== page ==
Peter Freuchen s Famous Book of the Eskimos Peter Freuchen s Famous Book of the Eskimos Mass Market Paperback Peter Freuchen Author

  • Title: Peter Freuchen's Famous Book of the Eskimos
  • Author: Peter Freuchen
  • ISBN: 9780449300381
  • Page: 459
  • Format: Mass Market Paperback
  • Peter Freuchen s Famous Book of the Eskimos Mass Market Paperback Peter Freuchen Author

    • Ò Peter Freuchen's Famous Book of the Eskimos || Ç PDF Download by ↠ Peter Freuchen
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      Published :2019-02-17T02:54:24+00:00

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    1. Peter Freuchen (1886-1957) was a Dane who set up a trading post in Greenland in 1910. He spent 50 years among the Inuit, and knew them when they still lived in their traditional Stone Age manner. He married an Inuit woman and had two children. Freuchen’s Book of the Eskimos describes how these people lived, and provides us with a window into a world far different from our own. (Today, the word “Eskimo” is rude.)The Arctic was the last region to be settled by humans. It’s an extremely col [...]

    2. This book is a weird delight. Freuchen was some white dude who moved to Canada to open a trading post. He eventually became close friends with and married into the local Inuit tribe. His observations about life in the Arctic are keen, thorough, and compassionate. My favorite two chapters, of course, are the ones about sex and food, both of which, to my delicate Westernized eyes, are bizarre in the extreme. Freuchen describes some recipe wherein you fill a seal carcass with some kind of birds, le [...]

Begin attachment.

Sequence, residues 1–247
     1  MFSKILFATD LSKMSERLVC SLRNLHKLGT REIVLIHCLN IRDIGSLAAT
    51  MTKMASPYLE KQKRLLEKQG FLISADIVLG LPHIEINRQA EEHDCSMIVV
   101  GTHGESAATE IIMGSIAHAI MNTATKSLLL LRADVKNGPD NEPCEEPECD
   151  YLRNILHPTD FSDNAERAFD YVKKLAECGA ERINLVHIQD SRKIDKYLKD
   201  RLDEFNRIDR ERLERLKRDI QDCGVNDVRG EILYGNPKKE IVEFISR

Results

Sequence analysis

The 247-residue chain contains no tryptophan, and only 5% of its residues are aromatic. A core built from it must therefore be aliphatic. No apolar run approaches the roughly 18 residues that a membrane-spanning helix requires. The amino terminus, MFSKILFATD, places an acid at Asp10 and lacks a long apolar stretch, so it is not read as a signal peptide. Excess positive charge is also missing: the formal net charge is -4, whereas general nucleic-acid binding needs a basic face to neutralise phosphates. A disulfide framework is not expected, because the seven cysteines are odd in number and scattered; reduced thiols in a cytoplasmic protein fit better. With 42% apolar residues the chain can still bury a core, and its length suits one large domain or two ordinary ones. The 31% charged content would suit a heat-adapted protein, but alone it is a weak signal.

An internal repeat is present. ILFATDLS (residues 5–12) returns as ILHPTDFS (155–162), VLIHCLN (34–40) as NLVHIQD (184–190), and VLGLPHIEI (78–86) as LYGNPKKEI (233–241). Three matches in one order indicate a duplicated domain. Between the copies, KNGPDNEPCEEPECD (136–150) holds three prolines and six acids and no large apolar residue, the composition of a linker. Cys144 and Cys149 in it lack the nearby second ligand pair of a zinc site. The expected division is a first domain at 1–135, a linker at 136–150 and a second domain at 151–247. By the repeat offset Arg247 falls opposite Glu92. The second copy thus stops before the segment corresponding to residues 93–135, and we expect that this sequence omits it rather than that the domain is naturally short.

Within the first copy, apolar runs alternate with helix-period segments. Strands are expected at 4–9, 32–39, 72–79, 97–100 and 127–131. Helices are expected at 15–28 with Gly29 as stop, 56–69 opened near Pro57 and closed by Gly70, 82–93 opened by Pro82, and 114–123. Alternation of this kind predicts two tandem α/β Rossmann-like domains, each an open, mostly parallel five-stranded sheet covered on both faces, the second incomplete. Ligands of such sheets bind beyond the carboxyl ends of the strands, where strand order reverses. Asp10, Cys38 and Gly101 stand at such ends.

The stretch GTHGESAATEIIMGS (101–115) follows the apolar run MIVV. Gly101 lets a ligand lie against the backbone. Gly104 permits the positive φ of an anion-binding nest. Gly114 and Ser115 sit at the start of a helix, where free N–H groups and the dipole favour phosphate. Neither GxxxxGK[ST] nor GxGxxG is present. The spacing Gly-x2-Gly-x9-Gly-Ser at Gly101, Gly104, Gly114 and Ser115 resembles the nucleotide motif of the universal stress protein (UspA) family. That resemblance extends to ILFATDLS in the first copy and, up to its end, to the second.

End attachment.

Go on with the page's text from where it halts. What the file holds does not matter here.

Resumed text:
3. This was an absolutely fascinating read recommended by my dad. Peter Freuchen was an early explorer of the arctic, and he loved the Eskimos enough to learn the language, get married and stay there until his wife died. He documents the Eskimo culture in its pristine state, sharing myths, beliefs and stories of both hardship and laughter.The Eskimo culture is so completely different and therefore fascinating. One funny story: a man on a long sledding trip with several other men married a girl en r [...]

    4. "She loved children because once, during a hunger period, she had to kill four of her own to spare them from the death of starvation. The oldest girl was then so old that she already could sew mittens This daughter had understood that it was hopeless to try to subsist, for there were no men at the place who could supply them with meat. She had seen that 'life was heavier than death' and had helped the mother hang three younger children, whereupon she had placed the string around her own neck so [...]